No leg bands, no. And yes, I'm aware of the possibility that they are related. I'm still speculating on what to do about that, I don't think the previous owner had any control over it, according to him they 'had two and then they bred and then people started coming with their birds when they didn't want them anymore and then they continued breeding'.
I have budgies from another source as well, but as those don't have french molt, I'm not sure I will be mixing them. I was actually planning to start another thread on the french molt issue, but I guess we can take that here as well
I read quite a bit about french molt and found a few clues as to how to avoid getting french molt chicks. Listing them:
1) Keep immature birds and breeders separated. The adults are less likely to shed the virus.
2) Stop breeding for half a year or longer, to allow the breeders to build up immunity to the virus and stop shedding it if they are infected.
3) Don't allow double clutching. Should a (healthy looking) parent be carrying the virus, the stress from breeding can make the bird shed the virus - and the stress from double clutching is much more likely to do so.
4) Good ventilation and hygiene will reduce the amount of virus in the environment, making it less likely that a bird will encounter enough particles to be infected.
5) Good feeding will help build a strong immune defence that can prevent infection and prevent shedding if the infection has already happened.
The other heath problems were:
An adult male appearing to have splay leg. I didn't notice that at first, but it became evident that while sleeping on one leg, he was sitting sideways on the branch - belly one way, back the other, rather than belly down, back up, because the legs were kind of sitting at a wrong angle. He appeared healthy otherwise, though.
Then there was a female with leg issues too - in particular one of her legs didn't seem to be able to move much. Possibly arthritis but it could have been several other things. She also appeared fluffed up so she probably had more issues.
And then two females with feathers that were somewhat roughed up, one of them also looking a little fluffed up, the other probably being the mother of at least one of the french molters (both were albino and she was cuddling with it when they just arrived).
And then one hen that was probably healthy but just had a crooked toe - could have been broken at some point and healed wrong - and not too pretty plumage either. And she was biting as hell..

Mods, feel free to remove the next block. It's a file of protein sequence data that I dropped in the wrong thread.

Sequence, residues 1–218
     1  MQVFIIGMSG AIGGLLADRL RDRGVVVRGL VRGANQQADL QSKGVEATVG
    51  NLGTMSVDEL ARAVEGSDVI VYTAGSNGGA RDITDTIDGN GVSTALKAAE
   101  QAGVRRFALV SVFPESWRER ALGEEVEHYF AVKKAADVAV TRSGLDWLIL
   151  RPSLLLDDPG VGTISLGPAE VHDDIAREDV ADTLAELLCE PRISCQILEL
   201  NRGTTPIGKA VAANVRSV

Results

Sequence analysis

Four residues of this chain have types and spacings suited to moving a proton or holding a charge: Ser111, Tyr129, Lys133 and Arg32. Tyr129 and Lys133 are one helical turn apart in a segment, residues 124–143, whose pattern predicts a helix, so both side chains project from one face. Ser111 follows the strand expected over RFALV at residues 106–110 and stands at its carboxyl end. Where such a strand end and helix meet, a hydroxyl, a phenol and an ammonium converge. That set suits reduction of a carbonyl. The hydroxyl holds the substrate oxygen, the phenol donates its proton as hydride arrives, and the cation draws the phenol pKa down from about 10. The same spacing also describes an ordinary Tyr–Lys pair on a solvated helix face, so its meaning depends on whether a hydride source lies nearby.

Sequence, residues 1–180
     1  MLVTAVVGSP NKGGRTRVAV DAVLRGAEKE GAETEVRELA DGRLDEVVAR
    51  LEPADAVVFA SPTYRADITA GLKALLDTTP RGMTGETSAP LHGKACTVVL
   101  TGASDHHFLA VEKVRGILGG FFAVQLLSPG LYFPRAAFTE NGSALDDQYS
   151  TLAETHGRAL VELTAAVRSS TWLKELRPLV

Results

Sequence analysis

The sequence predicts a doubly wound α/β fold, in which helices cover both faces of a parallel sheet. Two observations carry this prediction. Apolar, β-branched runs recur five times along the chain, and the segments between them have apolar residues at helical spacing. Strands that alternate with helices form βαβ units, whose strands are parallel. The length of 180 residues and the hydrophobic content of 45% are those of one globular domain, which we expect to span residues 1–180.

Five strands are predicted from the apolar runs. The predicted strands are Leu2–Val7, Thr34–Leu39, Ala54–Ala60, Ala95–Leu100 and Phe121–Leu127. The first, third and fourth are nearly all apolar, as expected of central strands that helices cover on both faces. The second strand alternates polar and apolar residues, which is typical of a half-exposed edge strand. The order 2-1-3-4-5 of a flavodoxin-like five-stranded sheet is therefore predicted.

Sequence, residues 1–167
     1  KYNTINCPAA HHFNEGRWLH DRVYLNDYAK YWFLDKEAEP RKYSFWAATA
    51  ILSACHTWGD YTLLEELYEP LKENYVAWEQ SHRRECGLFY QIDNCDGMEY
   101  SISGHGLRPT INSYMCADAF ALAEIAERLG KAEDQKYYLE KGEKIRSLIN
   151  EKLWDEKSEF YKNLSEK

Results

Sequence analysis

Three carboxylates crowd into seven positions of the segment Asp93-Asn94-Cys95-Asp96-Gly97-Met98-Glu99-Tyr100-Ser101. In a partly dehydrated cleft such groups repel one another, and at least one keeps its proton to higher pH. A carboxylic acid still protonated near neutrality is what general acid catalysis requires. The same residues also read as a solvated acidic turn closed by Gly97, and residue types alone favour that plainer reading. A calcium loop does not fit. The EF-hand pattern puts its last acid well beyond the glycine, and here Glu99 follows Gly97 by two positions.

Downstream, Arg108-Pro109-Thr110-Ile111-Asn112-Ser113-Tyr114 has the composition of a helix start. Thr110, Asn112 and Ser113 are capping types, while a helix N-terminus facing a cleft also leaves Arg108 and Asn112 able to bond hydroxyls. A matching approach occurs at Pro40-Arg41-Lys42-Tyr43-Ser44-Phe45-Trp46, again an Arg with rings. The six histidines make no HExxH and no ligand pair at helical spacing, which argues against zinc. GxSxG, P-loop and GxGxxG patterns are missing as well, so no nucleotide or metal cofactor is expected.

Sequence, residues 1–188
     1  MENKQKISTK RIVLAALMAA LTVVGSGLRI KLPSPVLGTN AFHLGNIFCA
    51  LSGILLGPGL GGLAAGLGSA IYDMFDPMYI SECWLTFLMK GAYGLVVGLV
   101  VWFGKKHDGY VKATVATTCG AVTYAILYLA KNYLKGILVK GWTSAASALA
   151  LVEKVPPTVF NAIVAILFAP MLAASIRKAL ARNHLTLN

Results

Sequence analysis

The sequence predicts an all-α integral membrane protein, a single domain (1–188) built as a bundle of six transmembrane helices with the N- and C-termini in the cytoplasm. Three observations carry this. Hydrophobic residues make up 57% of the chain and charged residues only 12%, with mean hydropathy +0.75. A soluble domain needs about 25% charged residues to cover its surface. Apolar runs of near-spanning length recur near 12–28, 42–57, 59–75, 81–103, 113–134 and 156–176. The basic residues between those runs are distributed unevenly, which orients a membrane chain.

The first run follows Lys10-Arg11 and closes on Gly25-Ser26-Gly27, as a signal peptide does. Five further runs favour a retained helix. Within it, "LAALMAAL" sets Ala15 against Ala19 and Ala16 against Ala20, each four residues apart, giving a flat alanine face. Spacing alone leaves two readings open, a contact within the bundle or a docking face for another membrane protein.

Perhaps you are right, I should move the chicks and the father. The separation from his mate and stress from being moved once again is not likely to make him forget about the chicks?
With regards to vet tests on small, untamed birds, I'm kind of a not-believer. Possibly because I actually did study to become a vet myself, for a couple of years. The entire education takes 5½ years in Denmark, so it's not like I'm half a vet or anything. But it de-mystified the body and diseases in my mind and I have since been reading a fair deal about avian diseases and diagnosis, and this has lead me to believe that when it comes to small birds, just about the only thing the vet can do that I can't, is writing prescriptions And actually I can do that too, I just lack that tiny little authorization number that makes them valid..
The vet can't really do much apart from looking at the bird and taking a fecal sample and looking at that, and I can do that myself too. My microscope might not be as good as theirs, but it should suffice for a fecal sample. They can also send stuff in for lab testing if they want to use your money to find out exactly what organism they are seeing in the microscope, but usually that won't change the treatment so it's just a waste of money.
And quite often, whatever the bird has isn't actually being shed at the time the fecal sample is being made, making it even more of a waste of money.
So, unless I believe I need a prescription for my birds, I'm not likely to put them through the stress of being caught, transported and handled by the vet. And currently, I don't believe I do. But you are right, I should do some fecal samples and see whether there is anything that calls for concern. Is there anything else in particular you would think the vet should test?